The animals are brown-yellow, but there are great colour variations from straw-yellow to reddish brown. Hooves and horn tips are black. There is a white rim around a dark muzzle. They are very long-lived and fertile. It is a German breed that is specially adapted to a husbandry in boggy landscapes. The breed originated in Tyrol, Austria and is closely related to Brown Swiss, Braunvieh and Tyrolese Grey Cattle. Nowadays the main breeding region is around Garmisch-Partenkirchen and Murnau that is also called "Werdenfels Country". The breed is in danger of extinction, with only around 130 females in the herdbook and frozen semen from around eleven males. the breed was voted Endangered Breed of the Year 2007 by the German Society for the Conservation of Old and Endangered Livestock Breeds. The Federal State of Bavaria maintains a suckler herd of cows and a sperm bank. It gives financial support to breeders. The breed is part of the Ark of Taste of the Slow Food Foundation for Biodiversity, dedicated to the preserving of endangered agricultural heritage.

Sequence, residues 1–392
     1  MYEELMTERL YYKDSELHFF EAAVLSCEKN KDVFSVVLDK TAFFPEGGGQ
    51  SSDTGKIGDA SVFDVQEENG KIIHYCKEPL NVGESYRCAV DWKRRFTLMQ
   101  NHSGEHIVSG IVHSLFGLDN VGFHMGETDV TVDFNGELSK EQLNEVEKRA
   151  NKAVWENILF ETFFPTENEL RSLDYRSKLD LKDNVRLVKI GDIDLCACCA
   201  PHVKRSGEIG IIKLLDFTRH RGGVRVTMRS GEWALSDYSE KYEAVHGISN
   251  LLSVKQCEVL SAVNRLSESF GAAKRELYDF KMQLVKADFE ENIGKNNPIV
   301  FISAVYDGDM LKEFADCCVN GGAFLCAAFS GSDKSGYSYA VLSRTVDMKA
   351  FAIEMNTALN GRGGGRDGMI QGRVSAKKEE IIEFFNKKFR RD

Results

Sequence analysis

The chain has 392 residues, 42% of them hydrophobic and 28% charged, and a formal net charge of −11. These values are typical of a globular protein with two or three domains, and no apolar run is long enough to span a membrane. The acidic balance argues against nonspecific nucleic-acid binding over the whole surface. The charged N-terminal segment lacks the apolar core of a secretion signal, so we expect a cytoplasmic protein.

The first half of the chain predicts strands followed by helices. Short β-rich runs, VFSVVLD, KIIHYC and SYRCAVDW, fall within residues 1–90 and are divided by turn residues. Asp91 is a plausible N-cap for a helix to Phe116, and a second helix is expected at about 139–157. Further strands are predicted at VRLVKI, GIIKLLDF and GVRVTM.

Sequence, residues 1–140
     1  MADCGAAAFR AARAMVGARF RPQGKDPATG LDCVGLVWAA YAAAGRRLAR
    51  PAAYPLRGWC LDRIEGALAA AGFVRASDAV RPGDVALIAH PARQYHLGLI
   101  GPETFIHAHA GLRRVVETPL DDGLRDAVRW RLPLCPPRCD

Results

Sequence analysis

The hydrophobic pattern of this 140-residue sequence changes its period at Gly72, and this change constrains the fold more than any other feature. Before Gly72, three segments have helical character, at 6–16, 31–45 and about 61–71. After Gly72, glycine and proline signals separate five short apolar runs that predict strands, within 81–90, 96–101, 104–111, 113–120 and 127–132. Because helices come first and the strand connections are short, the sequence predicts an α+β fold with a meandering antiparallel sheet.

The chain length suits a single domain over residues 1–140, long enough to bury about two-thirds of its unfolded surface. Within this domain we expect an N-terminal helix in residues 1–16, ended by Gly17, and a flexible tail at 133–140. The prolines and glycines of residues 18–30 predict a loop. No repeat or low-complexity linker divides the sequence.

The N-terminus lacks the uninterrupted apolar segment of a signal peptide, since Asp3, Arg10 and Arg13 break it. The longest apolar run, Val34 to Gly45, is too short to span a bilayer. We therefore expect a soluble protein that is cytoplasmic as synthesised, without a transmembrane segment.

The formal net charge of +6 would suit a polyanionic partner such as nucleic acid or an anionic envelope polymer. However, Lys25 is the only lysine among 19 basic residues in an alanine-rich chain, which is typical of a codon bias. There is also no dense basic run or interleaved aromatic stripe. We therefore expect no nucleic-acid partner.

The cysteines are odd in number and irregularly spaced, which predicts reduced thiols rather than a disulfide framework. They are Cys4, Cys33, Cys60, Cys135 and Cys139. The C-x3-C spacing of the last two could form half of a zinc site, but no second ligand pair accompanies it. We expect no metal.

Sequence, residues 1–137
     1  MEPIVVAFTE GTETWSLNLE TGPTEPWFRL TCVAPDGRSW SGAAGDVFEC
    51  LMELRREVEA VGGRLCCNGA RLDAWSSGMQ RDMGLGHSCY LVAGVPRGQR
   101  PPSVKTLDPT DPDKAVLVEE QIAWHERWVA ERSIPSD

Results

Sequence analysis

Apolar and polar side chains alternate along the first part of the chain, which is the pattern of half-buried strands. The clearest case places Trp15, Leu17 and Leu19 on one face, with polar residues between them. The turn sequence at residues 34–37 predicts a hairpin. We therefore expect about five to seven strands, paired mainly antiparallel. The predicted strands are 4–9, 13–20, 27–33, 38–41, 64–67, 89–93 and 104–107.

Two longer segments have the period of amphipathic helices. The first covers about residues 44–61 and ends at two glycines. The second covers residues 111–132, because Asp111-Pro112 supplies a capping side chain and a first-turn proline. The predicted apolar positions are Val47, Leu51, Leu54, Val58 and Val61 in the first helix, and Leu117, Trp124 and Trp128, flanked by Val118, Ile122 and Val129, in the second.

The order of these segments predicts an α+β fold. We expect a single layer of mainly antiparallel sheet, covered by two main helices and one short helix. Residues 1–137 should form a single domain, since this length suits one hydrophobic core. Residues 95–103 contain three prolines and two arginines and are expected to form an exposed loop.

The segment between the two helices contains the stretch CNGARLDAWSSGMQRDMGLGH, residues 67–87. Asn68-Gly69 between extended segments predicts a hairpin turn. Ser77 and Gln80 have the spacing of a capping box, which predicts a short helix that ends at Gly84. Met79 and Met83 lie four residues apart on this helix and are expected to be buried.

Cows produce around 4,300 kg of milk per year (3.8% fat; 3.4% protein). They reach 128–130 cm in height and a weight of 5–600 kg, while the bulls may reach 138–145 cm and 850–950 kg. Both bulls and steers may be used for beef production. Steers formerly served as strong draught oxen, and were an important source of income for small farms.
Media related to Murnau-Werdenfelser cattle at Wikimedia Commons
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